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How to Design a Parachute

This post is also inspired by the excellent book by Robert Banks – Towing Icebergs. This book would make a great investment if you want some novel ideas for a maths investigation.

The challenge is to design a parachute with a big enough area to make sure that someone can land safely on the ground. How can we go about doing this? Let’s start (as in the last post) with some Newtonian maths.

Newton’s Laws:

For an object falling through the air we have:

psgV – pagV – FD = psVa

ps = The density of the falling object
pa = The density of the air it’s falling in
FD = The drag force
g = The gravitational force
V = The volume of the falling object
a = The acceleration of the falling object

Time to simplify things

Things look a little complicated at the moment – luckily we can make our lives easier through a little simplification. pa will be many magnitudes smaller than than ps – as the density of air is much smaller than the density of objects like cannonballs. Therefore we ignore this part of the equation, giving an approximate equation:

psgV – FD ≈ psVa

We now rewrite things to make it easier to substitute values in later.

psV = m, where m = mass of an object (as density x volume = mass)
This gives:

mg – FD ≈ ma

and as mg = W (mass x gravitation force = weight) we can rewrite this as:

W – FD ≈ (w/g)a

Now, the key information to know when looking at a parachute design is the terminal velocity that will be reached when the parachute is open – that means the maximum velocity that a parachutist will potentially be hitting the ground traveling.

Now, when a person is traveling at terminal velocity their acceleration is 0, so we can set a = 0 in the equation above to give:

W – FD = 0

Now we need an equation for FD (the drag force).
FD = 0.5paCDAU2

where
pa = density of the air
CD = the drag coefficient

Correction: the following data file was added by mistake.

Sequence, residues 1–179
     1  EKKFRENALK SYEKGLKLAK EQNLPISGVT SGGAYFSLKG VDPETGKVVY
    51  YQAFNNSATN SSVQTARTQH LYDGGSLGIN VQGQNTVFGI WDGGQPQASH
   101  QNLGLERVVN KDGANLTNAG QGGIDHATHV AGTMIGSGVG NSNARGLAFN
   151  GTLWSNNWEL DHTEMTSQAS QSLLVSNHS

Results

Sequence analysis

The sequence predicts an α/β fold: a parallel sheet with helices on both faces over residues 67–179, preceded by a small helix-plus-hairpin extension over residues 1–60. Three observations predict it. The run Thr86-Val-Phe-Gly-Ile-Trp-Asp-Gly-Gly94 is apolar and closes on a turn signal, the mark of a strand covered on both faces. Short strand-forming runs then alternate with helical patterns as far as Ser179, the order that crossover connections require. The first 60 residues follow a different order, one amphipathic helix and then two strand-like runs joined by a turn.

A = area of parachute
U = velocity

So

when the parachutist is traveling at their terminal velocity with the parachute open we have:

W – FD = 0
W = 0.5paCDAU2

OK, nearly there. Next thing to consider is what is the maximum velocity we want someone to be traveling when they hit the ground.  This is advised to be around 5 m/s – similar to jumping from a 2 metre ladder.  Much more than this and you would risk breaking a bone (or worse!)

So we are finally ready to solve our equation. We want to find what value of A (the area of the parachute) will make us land safely.

We have:

pa = 0.6kg/m3 (approximate density of air at 3000m)
CD = 1.40 (a calculated drag coefficient for an open parachute)
U = velocity = 5m/s (this is the maximum velocity we want to want to avoid injury)
W = 100kg (we will have this as the combined weight of the parachutist and the parachute)

So,

W = 0.5paCDAU2
100 = 0.5(0.6)(1.40)A(5)2
A = 9.5m2

So if we had a circular parachute with radius 1.7m it should slow us down sufficiently for us to land safely.

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If you are a teacher then please also visit my new site.  This has been designed specifically for teachers of mathematics at international schools.  The content now includes over 2000 pages of pdf content for the entire SL and HL Analysis syllabus and also the SL Applications syllabus.  Some of the content includes:

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Essential Resources for both IB teachers and IB students

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